Anyway, the story has some violence, but it’s necessary for it to be told. it is horror, after all, so there’s that.

What I appreciate most about Bunnyman is it blurs the line between legend and reality. It’s a make-believe story that seems believable. Plus, broadfall pants makes a cameo appearance. You cannot have a proper Bunker story without broadfalls.

That’s pretty much it for this review. Bunnyman’s a good story. Buy it and read it. And never kill what you don’t intend to eat.

A Font Refresh for The Invariable Man Short Story

TheInvariableMan_SSI recently finished a font refresh of my short story cover for The Invariable Man. The previous cover had three different fonts (I think at least three), and the title was an awful yellow. I’m not sure what I was thinking…

This redo uses two weights of Bahn Pro (Regular and Light). I applied a texture to the letters and some drop shadow for some added depth. It’s simple and to the point, and with the awesome artwork of Michal Jelinek as the background, I think it comes together good. The story is only .99 cents, and if you’d like to check it out on Amazon, hit the button below.

Diatomic Quantum Flop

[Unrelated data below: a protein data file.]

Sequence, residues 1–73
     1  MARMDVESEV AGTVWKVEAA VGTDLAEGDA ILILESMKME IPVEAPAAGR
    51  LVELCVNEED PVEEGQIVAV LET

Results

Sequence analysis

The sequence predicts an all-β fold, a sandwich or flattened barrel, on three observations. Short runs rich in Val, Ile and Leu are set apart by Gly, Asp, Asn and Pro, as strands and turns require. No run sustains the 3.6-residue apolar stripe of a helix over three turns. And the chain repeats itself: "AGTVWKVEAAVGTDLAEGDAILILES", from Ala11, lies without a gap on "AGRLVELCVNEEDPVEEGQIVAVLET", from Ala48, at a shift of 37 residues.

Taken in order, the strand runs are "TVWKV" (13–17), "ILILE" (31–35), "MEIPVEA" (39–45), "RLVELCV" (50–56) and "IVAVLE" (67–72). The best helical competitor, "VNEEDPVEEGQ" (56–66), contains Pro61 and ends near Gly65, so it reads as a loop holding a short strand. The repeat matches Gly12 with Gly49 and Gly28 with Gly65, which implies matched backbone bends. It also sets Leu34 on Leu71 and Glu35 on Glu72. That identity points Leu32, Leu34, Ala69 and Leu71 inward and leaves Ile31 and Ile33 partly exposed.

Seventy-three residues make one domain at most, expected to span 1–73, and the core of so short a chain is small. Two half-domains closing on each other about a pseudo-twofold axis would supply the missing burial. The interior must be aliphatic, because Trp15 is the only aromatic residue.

Sure, the experience of the trip is euphoric, but what if you actually broke through the doors of perception? When four colleges friends are promised a psychedelic adventure that mirrors the Tibetan Kalachakra Time Travel Tantra, they discover the transcendental cost of tapping the wheel of time.

 

The Charm Bracelet – A Cyborg Story

So while working on my current novel, Samuel Peralta got a hold of me and asked if I wanted to contribute a story for his upcoming short story anthology, The Cyborg Chronicles. I couldn’t say “yes” fast enough.

Sam is a compelling author that I’ve known for the past year or so. He’s also the series producer for the Chronicles (check out the Facebook group), a series of short, speculative fiction. He surrounds himself with excellent talent and produces excellent anthologies. This means that somehow I’ve managed to fly under the radar for now…

Anyway, as I thought of a worthy cyborg story, I began to wonder if there’s room in my American Robot (AR) Universe for cyborgs.

I’d say most definitely.

The story that I’m planning is going to challenge my concepts of AR. It’s going to push me even further in what I envision: a world where androids are an everyday occurrence but are revered like gods. It’ll provide fertile ground for me to continue to develop. I’m excited for the story. Now I just need to write it…

So in The Charm Bracelet (I reserve the right to change the title) you’re going to hear of something called “BattleSat” and learn about “nail guns.” You’re also going to find out more about Dynamo Robotics, Dynamo’s EMTs, and their never-ending quest for salvage bodies. And you’re going to read of one man that has lost everything, except for his memories of what he once was.